Forum for Science, Industry and Business

Sponsored by:     3M 
Search our Site:


Low testosterone levels could raise diabetes risk for men

Low levels of testosterone in men could increase their risk of developing diabetes, a study suggests.

Scientists have found that low testosterone levels are linked to a resistance to insulin, the hormone that controls blood sugar levels.

The study is the first to directly show how low testosterone levels in fat tissue can be instrumental in the onset of Type 2 diabetes.

Testosterone is present throughout the body. Low testosterone levels are linked to obesity, a known risk factor for diabetes.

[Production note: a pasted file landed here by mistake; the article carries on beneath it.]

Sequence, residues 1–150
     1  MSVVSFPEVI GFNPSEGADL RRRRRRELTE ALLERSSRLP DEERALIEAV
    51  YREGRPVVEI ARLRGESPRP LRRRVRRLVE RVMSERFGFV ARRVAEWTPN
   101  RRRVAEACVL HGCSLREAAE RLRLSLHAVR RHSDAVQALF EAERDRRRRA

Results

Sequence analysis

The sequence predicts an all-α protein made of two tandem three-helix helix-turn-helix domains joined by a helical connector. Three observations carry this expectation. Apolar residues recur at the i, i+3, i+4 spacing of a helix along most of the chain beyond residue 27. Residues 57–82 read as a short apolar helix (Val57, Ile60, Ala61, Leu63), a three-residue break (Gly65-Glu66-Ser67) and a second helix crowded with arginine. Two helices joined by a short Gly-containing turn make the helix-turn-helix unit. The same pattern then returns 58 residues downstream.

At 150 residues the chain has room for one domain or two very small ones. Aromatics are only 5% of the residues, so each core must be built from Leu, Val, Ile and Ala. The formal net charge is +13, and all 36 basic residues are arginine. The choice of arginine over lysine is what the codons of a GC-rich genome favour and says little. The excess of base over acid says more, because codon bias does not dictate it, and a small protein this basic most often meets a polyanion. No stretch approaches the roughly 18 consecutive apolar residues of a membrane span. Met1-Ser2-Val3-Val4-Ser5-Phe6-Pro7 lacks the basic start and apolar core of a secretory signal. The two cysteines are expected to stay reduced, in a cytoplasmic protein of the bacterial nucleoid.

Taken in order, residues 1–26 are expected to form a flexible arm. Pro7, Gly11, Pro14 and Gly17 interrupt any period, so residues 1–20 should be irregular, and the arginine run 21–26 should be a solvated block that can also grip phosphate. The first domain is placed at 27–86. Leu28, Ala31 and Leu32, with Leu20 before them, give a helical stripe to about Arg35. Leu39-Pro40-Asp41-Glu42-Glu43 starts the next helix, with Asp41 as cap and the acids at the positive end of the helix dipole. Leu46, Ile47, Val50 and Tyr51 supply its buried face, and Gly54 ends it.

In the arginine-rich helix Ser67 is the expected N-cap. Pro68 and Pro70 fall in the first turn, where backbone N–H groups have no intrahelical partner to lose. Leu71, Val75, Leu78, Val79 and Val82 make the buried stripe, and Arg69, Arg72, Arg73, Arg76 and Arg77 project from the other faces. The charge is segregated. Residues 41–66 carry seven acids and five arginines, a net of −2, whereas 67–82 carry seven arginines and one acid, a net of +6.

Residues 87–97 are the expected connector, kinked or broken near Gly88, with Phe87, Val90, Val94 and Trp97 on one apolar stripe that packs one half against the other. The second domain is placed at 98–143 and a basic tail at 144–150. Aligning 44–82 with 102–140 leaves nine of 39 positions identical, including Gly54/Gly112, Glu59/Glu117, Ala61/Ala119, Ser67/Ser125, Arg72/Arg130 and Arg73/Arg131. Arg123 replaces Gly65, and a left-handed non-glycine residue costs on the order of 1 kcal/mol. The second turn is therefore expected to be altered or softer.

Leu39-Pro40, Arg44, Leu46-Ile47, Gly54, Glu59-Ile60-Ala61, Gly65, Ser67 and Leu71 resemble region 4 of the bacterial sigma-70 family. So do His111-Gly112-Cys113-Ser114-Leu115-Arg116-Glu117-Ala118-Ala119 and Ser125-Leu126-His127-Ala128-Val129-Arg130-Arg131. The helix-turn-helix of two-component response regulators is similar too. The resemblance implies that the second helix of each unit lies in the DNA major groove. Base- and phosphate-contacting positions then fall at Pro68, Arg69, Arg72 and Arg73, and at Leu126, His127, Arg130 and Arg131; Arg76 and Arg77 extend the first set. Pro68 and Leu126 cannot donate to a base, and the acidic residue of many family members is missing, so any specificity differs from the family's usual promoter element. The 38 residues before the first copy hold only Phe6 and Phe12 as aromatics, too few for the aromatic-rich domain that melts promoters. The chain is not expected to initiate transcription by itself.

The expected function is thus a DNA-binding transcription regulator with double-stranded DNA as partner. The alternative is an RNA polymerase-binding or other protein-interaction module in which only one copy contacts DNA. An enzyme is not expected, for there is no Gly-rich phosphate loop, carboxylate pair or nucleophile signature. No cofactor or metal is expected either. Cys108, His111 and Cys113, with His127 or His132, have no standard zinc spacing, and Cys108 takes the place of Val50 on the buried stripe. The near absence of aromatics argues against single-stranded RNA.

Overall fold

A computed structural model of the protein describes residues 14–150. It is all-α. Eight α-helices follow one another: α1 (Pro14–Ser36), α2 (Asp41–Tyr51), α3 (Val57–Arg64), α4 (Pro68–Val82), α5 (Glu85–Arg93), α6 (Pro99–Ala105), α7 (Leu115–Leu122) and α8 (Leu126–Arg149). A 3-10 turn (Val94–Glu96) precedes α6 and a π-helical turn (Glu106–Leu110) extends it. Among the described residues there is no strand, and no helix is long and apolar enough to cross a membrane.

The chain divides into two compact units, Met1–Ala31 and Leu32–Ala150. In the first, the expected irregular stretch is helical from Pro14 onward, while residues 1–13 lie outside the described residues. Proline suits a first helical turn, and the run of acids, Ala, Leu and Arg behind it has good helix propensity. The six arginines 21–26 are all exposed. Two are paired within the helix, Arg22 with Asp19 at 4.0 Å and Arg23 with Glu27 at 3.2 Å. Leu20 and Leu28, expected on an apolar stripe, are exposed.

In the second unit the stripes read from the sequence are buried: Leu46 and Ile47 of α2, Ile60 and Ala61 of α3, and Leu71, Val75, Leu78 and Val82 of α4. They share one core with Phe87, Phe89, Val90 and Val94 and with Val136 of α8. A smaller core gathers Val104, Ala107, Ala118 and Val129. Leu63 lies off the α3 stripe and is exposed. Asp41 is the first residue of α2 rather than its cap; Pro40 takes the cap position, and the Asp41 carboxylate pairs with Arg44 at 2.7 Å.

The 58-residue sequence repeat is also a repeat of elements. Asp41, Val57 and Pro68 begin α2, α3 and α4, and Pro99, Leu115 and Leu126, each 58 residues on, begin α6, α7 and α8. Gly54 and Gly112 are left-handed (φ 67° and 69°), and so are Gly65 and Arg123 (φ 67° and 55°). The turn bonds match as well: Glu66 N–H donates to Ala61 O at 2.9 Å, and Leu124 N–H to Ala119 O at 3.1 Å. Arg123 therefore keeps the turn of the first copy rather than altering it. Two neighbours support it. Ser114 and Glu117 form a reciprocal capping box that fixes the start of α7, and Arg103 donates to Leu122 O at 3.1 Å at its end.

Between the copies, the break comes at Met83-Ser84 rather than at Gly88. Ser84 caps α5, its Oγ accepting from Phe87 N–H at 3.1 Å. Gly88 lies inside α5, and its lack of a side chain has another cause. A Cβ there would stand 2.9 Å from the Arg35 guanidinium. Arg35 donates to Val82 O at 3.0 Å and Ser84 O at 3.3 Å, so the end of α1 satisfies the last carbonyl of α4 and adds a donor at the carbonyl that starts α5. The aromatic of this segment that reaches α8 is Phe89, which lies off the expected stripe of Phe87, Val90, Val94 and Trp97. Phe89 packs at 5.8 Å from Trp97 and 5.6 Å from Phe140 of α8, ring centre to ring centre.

It acts on fat cells through molecules known as androgen receptors. These enable the testosterone to activate genes linked to obesity and diabetes.

The research showed that mice in which the function of testosterone in fat tissue was impaired were more likely to be insulin resistant than mice in which the role of testosterone was not hindered.

The study showed that insulin resistance occurred in mice when the function of testosterone was impaired regardless of body weight.

The findings from the University of Edinburgh could also help explain why older men are more at risk of developing diabetes, because testosterone levels fall in men as they age.

Dr Kerry McInnes, from the University of Edinburgh's Endocrinology Unit, said: "We know that men with low testosterone levels are more likely to become obese, and as a develop diabetes. This study shows that low testosterone is a risk factor for diabetes no matter how much a person weighs. As men age their testosterone levels lower. This, along with increasing obesity, will increase the incidence of diabetes."